Hall Watch 2004-The First Basemen- Rafael Palmeiro

Wednesday, November 03 2004 @ 10:16 AM EST

Contributed by: Mike Green

Bush won, so Raffy goes first. Rafael Palmeiro had a typical age 39 season in 2004 for a great first baseman, going .258/.359/.436 and passed the 550 homer plateau. He has recently signed another 1 year contract with the Orioles and figures to collect his 3,000th hit in 2005. As far as I am concerned, he's a lock for the Hall of Fame.

Rafael Palmeiro was a 1st round draft choice of the Cubs in 1985, and was in the majors the following season. He immediately hit for a good hit average, but his power and plate discipline did not arrive until 1991. He was a remarkably consistent great hitter for 12 years, and has remained valuable as he turned 40 in September.

Eddie Murray is an excellent comp for Palmeiro. Palmeiro's superficial numbers seem better due to the higher run-scoring environment. Before we get to the full chart, I'd like to address the question of decentralization of offensive statistics in a high run-scoring environment. Some writers have suggested that many first basemen are putting up terrific career numbers currently, and that it is not appropriate for too many players at one position in one era to qualify.

Why have the first basemen of the 90s put up such great career numbers? It's simple really. The great hitters are found disproportionately at first base. Many are moved from other positions early in their careers (Delgado, Bagwell, Teixeira). Great hitters prosper disproportionately in high run-scoring environments. The other factor seems to be improved conditioning, which has allowed great first basemen to retain more of their value into their late 30s. As we shall see.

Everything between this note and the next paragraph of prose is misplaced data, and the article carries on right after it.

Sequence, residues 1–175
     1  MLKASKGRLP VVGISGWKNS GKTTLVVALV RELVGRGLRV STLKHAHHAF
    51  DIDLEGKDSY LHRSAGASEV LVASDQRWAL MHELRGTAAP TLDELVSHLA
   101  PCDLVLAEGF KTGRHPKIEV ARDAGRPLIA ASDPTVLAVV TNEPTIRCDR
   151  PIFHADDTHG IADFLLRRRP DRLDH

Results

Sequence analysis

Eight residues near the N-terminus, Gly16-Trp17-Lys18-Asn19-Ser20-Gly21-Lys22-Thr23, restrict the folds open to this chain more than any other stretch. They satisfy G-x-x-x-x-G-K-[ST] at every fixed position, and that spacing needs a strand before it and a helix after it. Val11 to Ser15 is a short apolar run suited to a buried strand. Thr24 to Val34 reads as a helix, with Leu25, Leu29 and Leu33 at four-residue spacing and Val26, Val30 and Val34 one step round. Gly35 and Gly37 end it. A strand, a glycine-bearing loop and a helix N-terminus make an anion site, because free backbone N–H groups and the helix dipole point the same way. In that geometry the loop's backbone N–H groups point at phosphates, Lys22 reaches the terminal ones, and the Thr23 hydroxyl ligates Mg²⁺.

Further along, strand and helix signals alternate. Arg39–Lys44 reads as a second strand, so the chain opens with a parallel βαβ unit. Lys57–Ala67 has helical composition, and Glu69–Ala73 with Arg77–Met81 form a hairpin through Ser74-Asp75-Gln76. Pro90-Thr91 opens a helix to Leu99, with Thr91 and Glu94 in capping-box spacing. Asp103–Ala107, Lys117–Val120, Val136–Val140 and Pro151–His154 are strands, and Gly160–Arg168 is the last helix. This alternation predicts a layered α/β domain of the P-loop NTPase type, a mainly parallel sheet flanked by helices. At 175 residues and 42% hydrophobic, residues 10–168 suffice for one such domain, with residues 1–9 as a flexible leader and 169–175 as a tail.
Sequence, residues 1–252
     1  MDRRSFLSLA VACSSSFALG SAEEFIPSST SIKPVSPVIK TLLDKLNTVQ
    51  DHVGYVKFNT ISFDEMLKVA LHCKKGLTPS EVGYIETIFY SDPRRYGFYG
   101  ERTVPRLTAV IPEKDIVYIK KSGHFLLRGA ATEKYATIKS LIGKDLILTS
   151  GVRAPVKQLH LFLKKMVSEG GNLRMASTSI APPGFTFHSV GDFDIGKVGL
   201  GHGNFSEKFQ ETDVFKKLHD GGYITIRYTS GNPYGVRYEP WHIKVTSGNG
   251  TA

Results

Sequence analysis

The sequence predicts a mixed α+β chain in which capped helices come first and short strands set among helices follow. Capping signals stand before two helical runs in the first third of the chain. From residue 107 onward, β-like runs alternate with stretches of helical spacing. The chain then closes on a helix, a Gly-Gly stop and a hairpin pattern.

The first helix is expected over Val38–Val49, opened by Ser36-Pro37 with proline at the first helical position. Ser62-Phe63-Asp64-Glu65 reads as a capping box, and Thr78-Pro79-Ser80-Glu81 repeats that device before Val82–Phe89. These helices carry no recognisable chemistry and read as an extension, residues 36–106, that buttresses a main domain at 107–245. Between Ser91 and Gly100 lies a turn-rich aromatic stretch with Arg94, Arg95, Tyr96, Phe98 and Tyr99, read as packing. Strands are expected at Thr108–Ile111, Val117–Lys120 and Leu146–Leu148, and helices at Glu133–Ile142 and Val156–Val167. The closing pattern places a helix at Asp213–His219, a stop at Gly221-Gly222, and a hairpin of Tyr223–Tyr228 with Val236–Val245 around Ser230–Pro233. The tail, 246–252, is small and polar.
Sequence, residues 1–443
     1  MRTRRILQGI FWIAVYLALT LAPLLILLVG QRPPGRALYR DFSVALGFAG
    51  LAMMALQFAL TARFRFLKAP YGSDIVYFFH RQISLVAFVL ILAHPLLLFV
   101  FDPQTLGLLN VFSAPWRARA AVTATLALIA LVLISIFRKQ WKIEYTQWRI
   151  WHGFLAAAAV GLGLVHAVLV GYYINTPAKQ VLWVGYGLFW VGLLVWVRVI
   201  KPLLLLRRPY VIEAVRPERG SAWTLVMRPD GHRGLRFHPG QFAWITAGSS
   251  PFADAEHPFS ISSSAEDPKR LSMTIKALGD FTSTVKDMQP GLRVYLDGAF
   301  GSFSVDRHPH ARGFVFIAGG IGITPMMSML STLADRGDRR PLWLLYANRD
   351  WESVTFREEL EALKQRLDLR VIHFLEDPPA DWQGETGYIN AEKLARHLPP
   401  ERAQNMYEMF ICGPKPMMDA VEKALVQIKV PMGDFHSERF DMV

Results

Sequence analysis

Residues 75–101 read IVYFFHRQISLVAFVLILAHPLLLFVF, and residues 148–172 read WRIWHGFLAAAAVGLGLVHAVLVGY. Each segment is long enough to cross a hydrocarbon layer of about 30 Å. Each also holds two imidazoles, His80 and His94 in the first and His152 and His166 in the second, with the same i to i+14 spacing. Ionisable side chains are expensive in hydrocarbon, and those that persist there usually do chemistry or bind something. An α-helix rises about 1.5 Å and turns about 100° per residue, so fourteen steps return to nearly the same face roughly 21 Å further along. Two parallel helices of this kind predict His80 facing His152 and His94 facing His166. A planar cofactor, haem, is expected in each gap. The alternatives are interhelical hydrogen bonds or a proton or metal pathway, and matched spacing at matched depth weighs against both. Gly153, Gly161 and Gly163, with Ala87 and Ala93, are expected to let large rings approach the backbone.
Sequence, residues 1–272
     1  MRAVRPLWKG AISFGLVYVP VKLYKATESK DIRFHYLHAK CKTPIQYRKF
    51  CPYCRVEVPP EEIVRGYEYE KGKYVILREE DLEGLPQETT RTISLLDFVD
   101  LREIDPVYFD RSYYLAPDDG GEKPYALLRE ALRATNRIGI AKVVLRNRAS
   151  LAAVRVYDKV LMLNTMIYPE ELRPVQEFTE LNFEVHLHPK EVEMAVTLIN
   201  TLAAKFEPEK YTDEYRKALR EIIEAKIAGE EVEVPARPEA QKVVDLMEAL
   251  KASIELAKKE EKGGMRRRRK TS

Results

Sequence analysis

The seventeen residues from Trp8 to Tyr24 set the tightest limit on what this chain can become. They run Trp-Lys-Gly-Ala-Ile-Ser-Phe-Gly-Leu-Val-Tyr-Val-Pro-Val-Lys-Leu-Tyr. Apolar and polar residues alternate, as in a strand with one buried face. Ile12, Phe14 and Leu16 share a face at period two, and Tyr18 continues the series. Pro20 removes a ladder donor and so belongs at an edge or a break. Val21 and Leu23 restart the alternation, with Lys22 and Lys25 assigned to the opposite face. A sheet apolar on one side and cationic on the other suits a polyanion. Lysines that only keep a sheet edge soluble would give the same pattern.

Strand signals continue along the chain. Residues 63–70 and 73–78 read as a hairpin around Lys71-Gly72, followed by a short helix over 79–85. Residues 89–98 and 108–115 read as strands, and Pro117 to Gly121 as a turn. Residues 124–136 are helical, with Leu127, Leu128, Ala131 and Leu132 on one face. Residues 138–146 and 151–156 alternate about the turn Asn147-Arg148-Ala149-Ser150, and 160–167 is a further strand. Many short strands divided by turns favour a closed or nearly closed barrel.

This has happened before. In the late 20s and early 30s, there was a similar environment. In the National League in 1928-30, the league OBPs were .355, .368 and .367, and the league slug pcts. were .412, 443, and .460. There were 3 first basemen in the National League who reached their apex during this period, Bill Terry, Jim Bottomley and George Kelly. Each had 6-7 years of first-class performance. All are in the Hall of Fame, and none had careers as valuable as any of the guys we'll be talking about. Terry was easily the best of them, and it seems fair to me to use him as a marker for judging the current crop of first basemen.

So, without further ado, here is Rafael Palmeiro's chart, which we will be re-using for Fred McGriff next:

Player    G     AB     H     HR    W     BA    OBP   SLUG   OPS+
Palmeiro 2721 10103 2922 551 1310 .289 .372 .517 132
Murray 2819 10603 3071 479 1257 .290 .362 .482 133
McGriff 2433 8685 2477 491 1296 .285 .378 .511 134
Terry 1721 6428 2193 154 537 .341 .393 .506 137
Bottomley 1991 7471 2313 219 664 .310 .369 .500 125

The similarity between Murray and Palmeiro is really striking- consistency, durability, and the 3 hitting abilities (average, strike zone judgment and power) in perfect balance. Palmeiro's 3000 hits and 550 homers will be impossible to ignore when he becomes eligible. Plus, he's got the Drysdale "fame" thing working for him, courtesy of the Viagra ads.

Next up: Fred McGriff